The message from the High Court in the K Generation case was that it is perfectly acceptable for a government to bring secret documents to court, have the judge look at them, bar the affected party from seeing them and then rely on the judge’s sense of fair play to ensure a fair trial.
Since the High Court spoke in early February, courts elsewhere have added their sixpenn’th worth.
The European Court of Human Rights on February 19, 2009 brought down its decision in A and Others v The United Kingdom, which had a sniff at the problem of infringing the European Convention’s requirements for a fair hearing.
A glance was taken at the then latest English decision, that of the Court of Appeal in Secretary of State for the Home Department v AF in 2008, but a nine member bench of the House of Lords has now unanimously overturned the acceptance by the Court of Appeal of unfairness in anti-terrorism “control order” cases: see Secretary of State for the Home Department v AF, decided on June 10.
This latest effort from their Lordships has convinced Procrustes of the error of his ways, and at my age, not too many errors are admitted.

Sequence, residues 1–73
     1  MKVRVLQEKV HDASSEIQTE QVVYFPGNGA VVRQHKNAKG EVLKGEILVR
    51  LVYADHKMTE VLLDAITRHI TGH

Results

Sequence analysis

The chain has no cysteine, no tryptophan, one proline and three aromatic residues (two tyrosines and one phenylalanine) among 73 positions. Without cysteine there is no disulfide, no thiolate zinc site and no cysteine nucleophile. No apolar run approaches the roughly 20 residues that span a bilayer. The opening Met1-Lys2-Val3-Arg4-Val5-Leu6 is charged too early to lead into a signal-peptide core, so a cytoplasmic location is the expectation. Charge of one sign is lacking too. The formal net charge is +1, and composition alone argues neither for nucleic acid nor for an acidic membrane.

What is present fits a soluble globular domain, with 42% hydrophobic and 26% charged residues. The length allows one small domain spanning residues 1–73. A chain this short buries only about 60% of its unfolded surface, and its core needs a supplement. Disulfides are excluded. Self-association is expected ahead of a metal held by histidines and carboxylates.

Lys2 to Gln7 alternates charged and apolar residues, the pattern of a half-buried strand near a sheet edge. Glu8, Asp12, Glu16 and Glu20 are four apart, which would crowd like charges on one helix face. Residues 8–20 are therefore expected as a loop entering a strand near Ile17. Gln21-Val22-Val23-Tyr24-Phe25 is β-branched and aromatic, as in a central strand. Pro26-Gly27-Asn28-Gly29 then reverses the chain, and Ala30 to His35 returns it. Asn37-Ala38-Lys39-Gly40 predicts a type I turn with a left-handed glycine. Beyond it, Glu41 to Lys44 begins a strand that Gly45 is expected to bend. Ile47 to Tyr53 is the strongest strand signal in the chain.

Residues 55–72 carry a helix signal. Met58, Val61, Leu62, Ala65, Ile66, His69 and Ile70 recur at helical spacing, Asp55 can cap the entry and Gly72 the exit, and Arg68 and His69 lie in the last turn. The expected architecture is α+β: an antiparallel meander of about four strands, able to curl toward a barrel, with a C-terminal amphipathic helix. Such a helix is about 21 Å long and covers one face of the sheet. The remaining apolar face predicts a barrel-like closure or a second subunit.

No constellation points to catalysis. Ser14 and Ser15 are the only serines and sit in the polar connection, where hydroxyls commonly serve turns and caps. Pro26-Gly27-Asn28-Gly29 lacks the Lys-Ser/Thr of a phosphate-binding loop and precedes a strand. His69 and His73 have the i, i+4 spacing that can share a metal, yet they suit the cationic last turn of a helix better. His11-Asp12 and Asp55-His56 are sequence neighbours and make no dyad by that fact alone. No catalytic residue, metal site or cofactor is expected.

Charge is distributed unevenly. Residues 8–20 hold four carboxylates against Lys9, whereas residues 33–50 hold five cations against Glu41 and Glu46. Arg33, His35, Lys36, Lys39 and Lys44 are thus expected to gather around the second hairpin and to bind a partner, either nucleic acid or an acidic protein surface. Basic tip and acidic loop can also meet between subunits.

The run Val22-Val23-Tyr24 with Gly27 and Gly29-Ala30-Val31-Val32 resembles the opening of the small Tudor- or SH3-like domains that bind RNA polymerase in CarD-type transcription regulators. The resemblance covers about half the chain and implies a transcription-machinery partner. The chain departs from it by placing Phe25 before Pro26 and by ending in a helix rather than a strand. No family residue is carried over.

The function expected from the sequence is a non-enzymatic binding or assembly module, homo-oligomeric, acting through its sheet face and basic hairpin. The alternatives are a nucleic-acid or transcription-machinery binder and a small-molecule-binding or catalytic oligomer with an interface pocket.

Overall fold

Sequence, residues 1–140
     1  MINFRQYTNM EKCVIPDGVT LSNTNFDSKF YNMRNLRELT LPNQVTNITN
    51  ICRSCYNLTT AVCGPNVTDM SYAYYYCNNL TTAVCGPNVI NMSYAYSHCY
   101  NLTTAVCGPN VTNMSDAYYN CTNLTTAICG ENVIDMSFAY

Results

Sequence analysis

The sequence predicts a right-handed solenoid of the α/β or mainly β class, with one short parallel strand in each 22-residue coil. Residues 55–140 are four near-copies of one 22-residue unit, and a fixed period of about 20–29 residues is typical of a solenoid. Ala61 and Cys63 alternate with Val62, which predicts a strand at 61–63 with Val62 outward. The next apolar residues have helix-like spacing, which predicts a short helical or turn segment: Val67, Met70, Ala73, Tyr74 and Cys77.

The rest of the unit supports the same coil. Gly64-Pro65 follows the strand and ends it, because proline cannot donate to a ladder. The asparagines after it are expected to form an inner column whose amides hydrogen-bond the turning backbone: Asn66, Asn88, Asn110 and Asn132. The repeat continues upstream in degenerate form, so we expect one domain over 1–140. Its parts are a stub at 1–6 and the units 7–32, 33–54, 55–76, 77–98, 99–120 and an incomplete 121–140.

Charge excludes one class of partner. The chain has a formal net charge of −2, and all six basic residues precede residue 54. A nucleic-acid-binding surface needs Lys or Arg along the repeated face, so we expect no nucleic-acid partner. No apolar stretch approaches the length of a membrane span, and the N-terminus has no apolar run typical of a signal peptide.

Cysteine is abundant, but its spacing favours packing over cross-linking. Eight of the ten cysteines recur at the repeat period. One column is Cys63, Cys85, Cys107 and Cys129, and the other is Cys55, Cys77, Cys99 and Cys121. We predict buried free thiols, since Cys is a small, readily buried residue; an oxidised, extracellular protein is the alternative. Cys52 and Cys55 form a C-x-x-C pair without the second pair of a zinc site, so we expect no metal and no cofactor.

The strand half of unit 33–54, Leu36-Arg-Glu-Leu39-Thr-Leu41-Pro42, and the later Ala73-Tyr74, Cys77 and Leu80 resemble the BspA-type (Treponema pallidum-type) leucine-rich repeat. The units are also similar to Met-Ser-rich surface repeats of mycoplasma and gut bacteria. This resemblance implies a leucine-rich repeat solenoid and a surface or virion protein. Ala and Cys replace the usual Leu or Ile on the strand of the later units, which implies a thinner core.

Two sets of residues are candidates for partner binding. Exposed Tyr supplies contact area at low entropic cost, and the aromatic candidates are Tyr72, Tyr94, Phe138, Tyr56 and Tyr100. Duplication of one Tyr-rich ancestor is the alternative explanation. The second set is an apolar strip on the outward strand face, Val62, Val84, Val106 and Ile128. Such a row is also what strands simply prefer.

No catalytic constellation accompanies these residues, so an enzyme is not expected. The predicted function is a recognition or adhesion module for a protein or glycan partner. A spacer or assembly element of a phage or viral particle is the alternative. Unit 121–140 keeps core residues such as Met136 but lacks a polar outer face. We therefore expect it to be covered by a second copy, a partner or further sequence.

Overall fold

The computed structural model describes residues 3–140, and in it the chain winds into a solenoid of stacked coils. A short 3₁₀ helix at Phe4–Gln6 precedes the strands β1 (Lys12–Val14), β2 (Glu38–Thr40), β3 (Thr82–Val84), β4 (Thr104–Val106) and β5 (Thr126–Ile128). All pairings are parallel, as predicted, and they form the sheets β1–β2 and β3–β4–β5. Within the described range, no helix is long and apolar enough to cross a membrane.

This effort from their Lordships is a last ditch affair.
Later this year the whole Ruritanian circus is to be wound up, the Judicial Committee of the House of Lords to be declared dead and a new Supreme Court set up, away from the pernicious influence of the moat-enhancing Commons at the Palace of Westminster.
But what a finale. Lord Sheep of Badgerworry Magna, Lord Tadger of Much-Binding-in-the-Marsh and the whole crew, bleating about a restriction in the mobility available to some wretched Islamist, intent, no doubt, on wreaking death and destruction.
Here’s Lord Phillips of Worth Matravers (wherever that is):